Friday, May 23, 2014

The Open Door Policy

Among the first things you remove from your own writing when you are revising, and from the work of another, when you are editing, is information--incessant, descriptive information.

When you have done the describing in your own work, you are more often getting a sense of where you are, why things behave as they do, and motivating factors for the characters as they set off in motion.  You have long passed the sense of using facts as argumentative tools, in a sense trying to badger the reader into accepting the entire story because the facts are all worked out and, to the best of your ability, are correct.

Correctness is not high up in the importance pyramid, not in story.  Characters come into story, either convinced they are correct, or seeking information which they wish to believe is correct.  Without trying to suggest facts and information should be anthropomorphized, they should not be allowed to argue or describe their way into story to provide background.  

If you are editing an accomplished writer, you find descriptions and information scattered about the narrative like the unopened boxes scattered about a new dwelling after moving.  You found such a box in your own studio, a relic from the move from Hot Springs Road to here, three and a half years ago.  You were right to be apprehensive when you saw and recognized the box.  The materials inside were all superfluous, overcome by a number of events, their usefulness compromised.

If you are editing a beginning writer, there is a great likelihood you will find paragraphs, sometimes even entire pages of background or description or argumentative evidence that X is a troubled character, Y is an undesirable place, and that Z is relevant psychological or perhaps geographical background to support X's troubles and Y's geological history.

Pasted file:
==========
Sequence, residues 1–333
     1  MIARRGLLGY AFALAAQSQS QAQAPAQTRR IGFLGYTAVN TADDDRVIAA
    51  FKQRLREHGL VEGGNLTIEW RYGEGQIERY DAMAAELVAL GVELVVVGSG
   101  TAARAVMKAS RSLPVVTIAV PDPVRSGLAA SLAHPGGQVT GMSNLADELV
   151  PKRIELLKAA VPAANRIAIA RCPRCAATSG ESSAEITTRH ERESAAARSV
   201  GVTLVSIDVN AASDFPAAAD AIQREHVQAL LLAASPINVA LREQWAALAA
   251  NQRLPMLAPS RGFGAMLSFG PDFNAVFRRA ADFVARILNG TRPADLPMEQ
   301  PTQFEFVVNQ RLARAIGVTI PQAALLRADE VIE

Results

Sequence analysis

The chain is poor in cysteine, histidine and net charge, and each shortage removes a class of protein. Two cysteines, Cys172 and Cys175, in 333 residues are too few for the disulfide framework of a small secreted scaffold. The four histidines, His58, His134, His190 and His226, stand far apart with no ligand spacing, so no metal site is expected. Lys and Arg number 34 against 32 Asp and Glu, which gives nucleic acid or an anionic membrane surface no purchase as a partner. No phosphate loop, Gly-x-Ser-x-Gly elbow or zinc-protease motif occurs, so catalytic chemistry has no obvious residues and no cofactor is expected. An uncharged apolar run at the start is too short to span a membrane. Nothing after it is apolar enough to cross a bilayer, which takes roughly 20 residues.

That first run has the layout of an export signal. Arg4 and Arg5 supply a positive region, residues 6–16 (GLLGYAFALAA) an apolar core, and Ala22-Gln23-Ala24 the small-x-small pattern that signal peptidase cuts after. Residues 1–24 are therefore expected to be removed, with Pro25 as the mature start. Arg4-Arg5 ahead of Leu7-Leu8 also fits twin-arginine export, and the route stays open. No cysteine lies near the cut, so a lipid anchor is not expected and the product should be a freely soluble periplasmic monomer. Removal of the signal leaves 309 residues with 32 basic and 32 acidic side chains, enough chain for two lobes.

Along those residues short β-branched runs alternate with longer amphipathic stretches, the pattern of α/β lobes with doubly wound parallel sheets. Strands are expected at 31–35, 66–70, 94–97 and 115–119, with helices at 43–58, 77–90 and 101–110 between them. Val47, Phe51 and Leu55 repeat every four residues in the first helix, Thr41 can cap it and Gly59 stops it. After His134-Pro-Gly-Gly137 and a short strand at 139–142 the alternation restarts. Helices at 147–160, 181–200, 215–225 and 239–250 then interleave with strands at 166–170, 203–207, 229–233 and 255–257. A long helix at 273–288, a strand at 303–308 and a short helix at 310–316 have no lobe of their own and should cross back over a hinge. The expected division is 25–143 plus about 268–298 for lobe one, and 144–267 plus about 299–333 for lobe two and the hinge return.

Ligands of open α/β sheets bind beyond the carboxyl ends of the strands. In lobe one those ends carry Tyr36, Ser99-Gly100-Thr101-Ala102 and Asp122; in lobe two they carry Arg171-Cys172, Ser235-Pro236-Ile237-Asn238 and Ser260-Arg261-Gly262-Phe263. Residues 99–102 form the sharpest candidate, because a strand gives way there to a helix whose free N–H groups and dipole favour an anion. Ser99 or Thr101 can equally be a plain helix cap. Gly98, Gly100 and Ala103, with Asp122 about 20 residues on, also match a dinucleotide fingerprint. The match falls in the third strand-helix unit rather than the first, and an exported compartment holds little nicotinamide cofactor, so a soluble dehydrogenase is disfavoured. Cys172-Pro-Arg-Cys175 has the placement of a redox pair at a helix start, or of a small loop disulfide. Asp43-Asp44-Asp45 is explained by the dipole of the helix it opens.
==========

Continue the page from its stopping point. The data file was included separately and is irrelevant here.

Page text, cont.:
There is some satisfaction in your pursuit of such matters in your own work, because these arguments, descriptions, definitions, and justifications are more often than not in the early pages, thinning quite a bit as the story takes on a dramatic sense of being dimensional.

Information on its own is kindling for the fires of boredom.  Explanation--in particular explanation given in the belief that the reader will not understand--is a fan for those fires, whipping it up to a significant enough whoosh to cause the reader to set the project down, perhaps for all time.  

Close on the heels of mere description and long stretches of events intended to serve as background for the past, present, and forthcoming behavior of characters is argumentation.  Your past experiences with argumentation have come at writers' conferences, once or twice in your private workshops, and in your adult ed fiction classes.  More often than not, they exacerbate because the writer feels backed into a corner, forced to decent the story with what begins as logic, increasing to fustian, and in a few instances to melt down.

Painful as these encounters can be, you are pleased to have them because they once again ratify your own vision of story as an instrument that does not require the dramatic equivalent of a thesis defense.  Such encounters also help you reinforce the patience necessary to tell a story in the most appropriate way.

What is appropriate for you is not a one-size-fits-all venture; your most recent publishing project reaffirmed that for you, leading to differences of opinion with your literary agent, your publisher, and your editor.  Your method of standing your ground involves taking their comments into consideration, doing a draft to see how their suggestions appear, then seeing if there are ways to triangulate so that the emotional tide of the story has not shifted from your original intention but rather has made the tide more graceful and memorable yet.

The biggest thing for you to absorb and accommodate is your belief that ambiguity plays an important role in a story to the point where you do not wish to spell out what you consider major defining moments.  That said, ambiguity, by its intrinsic nature, leaves the door open for interpretations of what was said, what was not said, what was meant, and what was not meant.  

In the long run, revision, improvisation, and open doors seem the most profitable, if ambiguous, approach. 

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